Tax implications for Non-Residents purchasing and owning property in Canada

Non-residents are responsible for paying the same land transfer and municipal transfer taxes as Canadian residents and citizens pay for as well. Non-residents in certain parts of Ontario are also responsible for paying the Non-Resident Speculation Tax (NRST) as detailed in an earlier section of this article. Non-residents will not run up a humongous tax bill when purchasing the property or paying yearly property taxes since there are no extra yearly fees payable. You will face tax issues when it comes time to rent or sell the property. Non-residents must pay taxes on any income they earn, i.e. any rental income they earn on renting out a property or capital gains tax when they sell their property or properties.

It is important to note that Canada has a graduated tax system. This means that the more money you earn and whenever you reach a certain point when your income level takes you into a higher tax bracket, this means that you will be responsible for paying more income taxes. You can consult a reputable tax professional accountant or attorney for advice on how to minimize your tax burden. If you are lucky, your home country will have a tax treaty with Canada to ensure that you are not being taxed twice in Canada and your home country. If you have questions or concerns about tax treaties between Canada and your home country, it is recommended that you speak with a reputable tax professional who has experience working with non-residents and doing international tax.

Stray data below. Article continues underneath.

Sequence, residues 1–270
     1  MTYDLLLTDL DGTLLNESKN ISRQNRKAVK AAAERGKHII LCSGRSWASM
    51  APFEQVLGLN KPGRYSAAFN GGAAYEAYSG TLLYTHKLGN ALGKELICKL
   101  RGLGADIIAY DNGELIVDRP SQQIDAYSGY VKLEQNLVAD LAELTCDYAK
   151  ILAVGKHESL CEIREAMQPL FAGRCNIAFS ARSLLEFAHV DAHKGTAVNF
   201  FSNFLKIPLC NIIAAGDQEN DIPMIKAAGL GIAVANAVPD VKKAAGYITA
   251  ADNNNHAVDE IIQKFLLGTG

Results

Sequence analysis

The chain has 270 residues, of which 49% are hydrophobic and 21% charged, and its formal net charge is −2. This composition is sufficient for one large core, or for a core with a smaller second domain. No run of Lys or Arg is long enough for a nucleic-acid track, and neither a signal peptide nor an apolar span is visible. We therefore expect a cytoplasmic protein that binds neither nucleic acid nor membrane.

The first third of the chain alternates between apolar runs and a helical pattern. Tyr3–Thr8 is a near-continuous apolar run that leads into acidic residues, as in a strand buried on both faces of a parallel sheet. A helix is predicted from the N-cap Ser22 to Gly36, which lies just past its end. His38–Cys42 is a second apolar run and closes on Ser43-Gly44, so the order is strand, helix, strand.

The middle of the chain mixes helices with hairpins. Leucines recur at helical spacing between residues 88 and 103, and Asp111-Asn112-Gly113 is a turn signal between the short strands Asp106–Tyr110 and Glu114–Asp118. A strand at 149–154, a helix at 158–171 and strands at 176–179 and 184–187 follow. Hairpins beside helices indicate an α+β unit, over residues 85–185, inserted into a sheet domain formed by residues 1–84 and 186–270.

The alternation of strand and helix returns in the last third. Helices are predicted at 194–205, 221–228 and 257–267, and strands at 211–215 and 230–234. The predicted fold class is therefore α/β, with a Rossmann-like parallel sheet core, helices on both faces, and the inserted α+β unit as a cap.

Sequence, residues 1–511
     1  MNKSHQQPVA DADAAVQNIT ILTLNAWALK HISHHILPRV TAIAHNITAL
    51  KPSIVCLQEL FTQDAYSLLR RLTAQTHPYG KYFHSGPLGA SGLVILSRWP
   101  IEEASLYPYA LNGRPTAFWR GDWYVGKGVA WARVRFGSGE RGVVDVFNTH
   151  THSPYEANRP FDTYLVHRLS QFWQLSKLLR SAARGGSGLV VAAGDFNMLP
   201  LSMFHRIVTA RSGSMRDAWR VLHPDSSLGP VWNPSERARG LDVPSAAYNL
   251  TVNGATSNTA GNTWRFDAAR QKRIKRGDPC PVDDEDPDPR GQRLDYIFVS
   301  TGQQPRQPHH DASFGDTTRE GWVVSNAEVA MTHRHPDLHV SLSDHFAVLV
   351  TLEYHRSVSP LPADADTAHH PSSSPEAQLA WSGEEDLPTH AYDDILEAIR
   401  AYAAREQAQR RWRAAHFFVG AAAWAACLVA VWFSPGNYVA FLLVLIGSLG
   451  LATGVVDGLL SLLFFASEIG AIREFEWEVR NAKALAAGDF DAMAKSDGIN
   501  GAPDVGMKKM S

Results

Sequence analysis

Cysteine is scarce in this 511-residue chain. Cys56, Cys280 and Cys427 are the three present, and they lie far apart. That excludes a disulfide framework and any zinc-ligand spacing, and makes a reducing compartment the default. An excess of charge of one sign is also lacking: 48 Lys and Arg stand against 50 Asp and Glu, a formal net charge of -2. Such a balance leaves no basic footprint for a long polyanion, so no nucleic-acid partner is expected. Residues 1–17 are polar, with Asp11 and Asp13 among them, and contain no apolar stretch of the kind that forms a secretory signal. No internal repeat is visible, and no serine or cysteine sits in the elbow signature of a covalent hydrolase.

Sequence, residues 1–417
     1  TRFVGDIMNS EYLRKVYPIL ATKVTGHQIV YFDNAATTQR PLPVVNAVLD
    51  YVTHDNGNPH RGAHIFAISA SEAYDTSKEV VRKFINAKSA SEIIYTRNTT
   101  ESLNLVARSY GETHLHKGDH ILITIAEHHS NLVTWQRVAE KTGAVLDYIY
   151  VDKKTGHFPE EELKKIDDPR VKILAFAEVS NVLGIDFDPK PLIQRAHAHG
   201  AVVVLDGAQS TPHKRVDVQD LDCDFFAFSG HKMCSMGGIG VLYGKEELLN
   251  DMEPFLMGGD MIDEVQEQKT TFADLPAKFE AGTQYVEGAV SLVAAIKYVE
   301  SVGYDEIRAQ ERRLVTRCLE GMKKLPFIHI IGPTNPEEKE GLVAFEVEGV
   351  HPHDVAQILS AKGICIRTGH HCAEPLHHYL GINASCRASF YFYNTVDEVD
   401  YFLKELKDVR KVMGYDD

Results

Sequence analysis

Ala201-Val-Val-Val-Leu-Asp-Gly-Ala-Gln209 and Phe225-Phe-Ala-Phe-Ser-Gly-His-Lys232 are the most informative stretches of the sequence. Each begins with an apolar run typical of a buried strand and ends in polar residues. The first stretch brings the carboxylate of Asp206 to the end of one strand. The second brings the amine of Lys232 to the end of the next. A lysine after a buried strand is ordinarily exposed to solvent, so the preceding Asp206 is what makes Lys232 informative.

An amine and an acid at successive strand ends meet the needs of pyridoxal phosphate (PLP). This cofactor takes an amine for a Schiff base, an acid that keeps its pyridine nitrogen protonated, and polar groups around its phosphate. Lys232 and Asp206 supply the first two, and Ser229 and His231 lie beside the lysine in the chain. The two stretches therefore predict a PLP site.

It cannot be said enough that financial rules and regulations, and rules, regulations, and laws related to tax are constantly changing. If you have questions about how they impact you, contact a tax professional who knows their stuff, who can advise you on how best to handle this.

Related article: How to invest wisely in Toronto’s real estate?

Tax Implications if you are purchasing a revenue-producing property in Canada